I stared into the violet dark. There, nestled into a small clearing in the forest, was a tiny stone cottage, lavender gray in the light of the stars.
It belonged here so absolutely that it seemed as it if must have grown from the rock, a natural formation. Honeysuckle climbed up one wall like a lattice, winding all the way up and over the thick wooden shingles. Late summer roses bloomed in a handkerchief-sized garden under the dark, deep-set windows. There was a little path of flat stones, amethyst in the night, that led up to the quaint arched wooden door.
“…Don’t you like it?” Alice’s face fell. “I mean, I’m sure we could fix it up differently, if you want. Emmett was all for adding a few thousand square feet, a second story, columns, and a tower, but Esme thought you would like it best the way it was meant to look.” Her voice started to climb, to go faster. “If she was wrong, we can get back to work. It won’t take long to—”
“Shh!” I managed.
She pressed her lips together and waited. It took me a few seconds to recover.
“You’re giving me a house for my birthday?” I whispered.
“Us,” Edward corrected. “And it’s no more than a cottage. I think the word house implies more legroom.”
“No knocking my house,” I whispered to him.
Alice beamed. “You like it.”
I shook my head.
“…But of course I love it. How could I not?”
–Bella Cullen, Breaking Dawn, pages 475-477
Design and piecing by Beth
I have a thing for houses. How they’re made and how their pieces represent the people that call them home. So no wonder I loved bringing this image to the quilt! The description in the book is fairly succinct. It was just a matter of finding fabric with the correct patterns. I found a shop online and ordered several different patterns and colors of rock and stone, and they also offered different colors of roof shingles!
Once I looked at the pattern sizes and put together complementary shades, I drafted the cottage. I wanted an asymmetrical structure to add some quaintness with curving lines and dormer windows and, of course, a chimney. I planned on setting the house against waves of green fabric with my favorite lavender, scrolly material above as the “violet sky.” But when I found the forest-scape fabric, it was beyond perfect. It came in a deeper, darker green, but I chose this more vibrant green because of the yellows in the trees throughout, since it was early fall in the book. I moved the cut-out of the house stone around on the forest fabric until I found the backdrop look I wanted with the side trees and the pines peaking up above the chimney.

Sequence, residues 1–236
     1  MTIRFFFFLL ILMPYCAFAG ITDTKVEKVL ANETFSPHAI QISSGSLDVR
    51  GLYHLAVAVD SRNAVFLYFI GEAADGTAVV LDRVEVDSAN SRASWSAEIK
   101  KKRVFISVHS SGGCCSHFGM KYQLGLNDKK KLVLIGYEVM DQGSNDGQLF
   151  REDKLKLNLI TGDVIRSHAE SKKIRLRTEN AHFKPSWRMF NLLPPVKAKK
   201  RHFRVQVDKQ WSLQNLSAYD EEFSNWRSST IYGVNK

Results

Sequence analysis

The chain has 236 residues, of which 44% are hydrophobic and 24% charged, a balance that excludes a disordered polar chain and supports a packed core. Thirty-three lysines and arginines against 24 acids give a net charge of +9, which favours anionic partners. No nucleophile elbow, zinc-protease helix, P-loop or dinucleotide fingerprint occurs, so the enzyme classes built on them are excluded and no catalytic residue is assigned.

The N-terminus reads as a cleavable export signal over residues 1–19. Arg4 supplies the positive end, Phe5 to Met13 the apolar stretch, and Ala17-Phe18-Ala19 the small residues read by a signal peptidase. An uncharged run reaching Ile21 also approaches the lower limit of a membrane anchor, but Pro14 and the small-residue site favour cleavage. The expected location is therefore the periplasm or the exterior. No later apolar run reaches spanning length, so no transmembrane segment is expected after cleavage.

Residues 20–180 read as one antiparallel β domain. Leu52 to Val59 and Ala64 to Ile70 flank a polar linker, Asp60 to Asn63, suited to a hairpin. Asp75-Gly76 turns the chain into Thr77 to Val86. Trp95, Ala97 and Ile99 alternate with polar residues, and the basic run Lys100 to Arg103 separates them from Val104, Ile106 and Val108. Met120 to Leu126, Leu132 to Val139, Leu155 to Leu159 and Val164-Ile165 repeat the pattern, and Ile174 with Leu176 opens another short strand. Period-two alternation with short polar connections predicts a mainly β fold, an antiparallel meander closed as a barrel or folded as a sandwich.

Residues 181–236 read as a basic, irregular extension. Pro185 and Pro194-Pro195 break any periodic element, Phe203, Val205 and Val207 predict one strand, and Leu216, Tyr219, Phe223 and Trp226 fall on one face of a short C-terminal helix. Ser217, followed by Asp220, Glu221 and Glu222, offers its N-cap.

I appliquéd the stone of the cottage onto the backdrop, then the roof thatching (which was difficult around the dormer window cut out) and the chimney. I used the same wood bark fabric from my First Hunt block (details coming soon) for the front door, then hand-stitched outline details to give the chimney it’s 3D corners.
I cut out the backdrop fabric where I’d stitch in the violet sky, but after I put the lavender piece in, things didn’t look right. So I cut around the trees to add more sky showing on the sides and then top-stitched the trees for added reinforcement. I appliquéd on the three windows in a dark (almost black) gray, hand-stitched the door hinges, handle and dormer details, then satin stitched both sets of eaves.
I tried satin stitching the pathway stones in purple, but wasn’t satisfied with the result so I opted to appliqué each of those in an amethyst fabric. I had always planned on ribbon embroidery for the rose bushes and honeysuckle, utilizing simple brown floss backstitches for the rose bushes themselves, but with the lush green of the now-changed background, I was afraid they’d get lost. So I utilized one of the green patterns I had planned to originally use for the green waves of backdrop. I noticed the pattern had small bush-like groupings if I strategically cut them, so I free hand appliquéd those as well.
I used silk ribbon in red and cream to ribbon embroider the roses on the bushes. I’ve always loved this technique and really like how it gives some texture to the block. Lastly, I chose very vibrant DMC flosses to free hand embroider the honeysuckle. I used backstitches for vine, lazy daisies for leaves, 5-point backstitched stars for flowers and French knots for buds.
Although I’m newer to quilting, this block will always be one of my favorites. I really enjoyed making it and am very pleased with the results!